Translated from REPORTAGE
In Pittsburgh, “we know that socialism is possible”
By Frédéric Autran , Special Envoy in Pittsburgh – January 18, 2018 at 20:16 (Updated January 19, 2018 at 12:07)
In an America not used to mixing, diversity is obvious. Black and White, young and old, nearly 200 people braved the snow and the cold to join, this Monday evening, the crowded back room of the Portogallo Peppers, a bar in the eastern suburbs of Pittsburgh. It was here, in a red brick building in Braddock, a city ravaged by the collapse of steel mills and the crack epidemic of the 1980s, that Summer Lee launched its campaign. At 30, this law graduate raised in the neighboring neighborhood made her political debut. Under the label “socialist”. And with one goal: to dislodge, during the Democratic primaries of May 15, the outgoing district deputy in the Pennsylvania Parliament.
“The thing that strikes me the most is the diversity we have here. I am proud to see that each of you has a place in this campaign, ”said the candidate. The date of the event was not chosen at random: this January 15, the United States is celebrating Martin Luther King Day. “Everyone knows the sanitized version of Martin Luther King, with his speech” I have a dream “. But King was a radical, revolutionary, anti-militarist and anti-capitalist. With this campaign, we want to continue its work, ” preaches Summer Lee. Words in line with the political identity of the young African-American, member for a few months of the organization of the American Socialist Democrats (Democratic Socialists of America, DSA).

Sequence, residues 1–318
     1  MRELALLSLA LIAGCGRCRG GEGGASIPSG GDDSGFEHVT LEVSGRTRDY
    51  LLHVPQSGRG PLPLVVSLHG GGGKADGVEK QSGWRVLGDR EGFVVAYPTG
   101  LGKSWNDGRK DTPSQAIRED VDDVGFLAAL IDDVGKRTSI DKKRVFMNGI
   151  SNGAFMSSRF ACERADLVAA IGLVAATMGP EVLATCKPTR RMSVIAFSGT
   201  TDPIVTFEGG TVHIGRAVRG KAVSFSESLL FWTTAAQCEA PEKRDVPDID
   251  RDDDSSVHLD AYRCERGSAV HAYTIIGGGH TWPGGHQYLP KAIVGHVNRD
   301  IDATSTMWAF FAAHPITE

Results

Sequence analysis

Arielle Cohen swelled the ranks of the DSA to the victory of Donald Trump: ” Socialism, democratic principles and feminism have always been part of my political DNA”. She is now co-chair of Pittsburgh DSA, one of the most active groups in the United States. Photo Jeff Swensen for Liberation.
Arielle, 29, sets the scene in Washington during the gigantic Women’s March, organized the day after Trump’s inauguration. There she meets local DSA members. And leaves convinced. Back in Pittsburgh, she participated in the creation of the local branch. “At the end of January, there were a dozen of us in the basement of a church. We organized our first general assembly in February. ” Barely a year later, Pittsburgh DSA, of which she is co-chair, has more than 430 members, making it one of the most active groups in the country.
At the DSA national convention in Chicago in August, three priorities were established: promoting a public and universal health care system, strengthening the union movement, and electing openly socialist candidates. “Our strategy is not at the moment to build a third party”, explains Maria Svart, who defends a “pragmatic electoral approach”. Clearly, she adds, in an American system outrageously padlocked by the Republican and Democratic parties, the idea is to follow in Sanders’ footsteps, “supporting left candidates inside the Democratic Party”.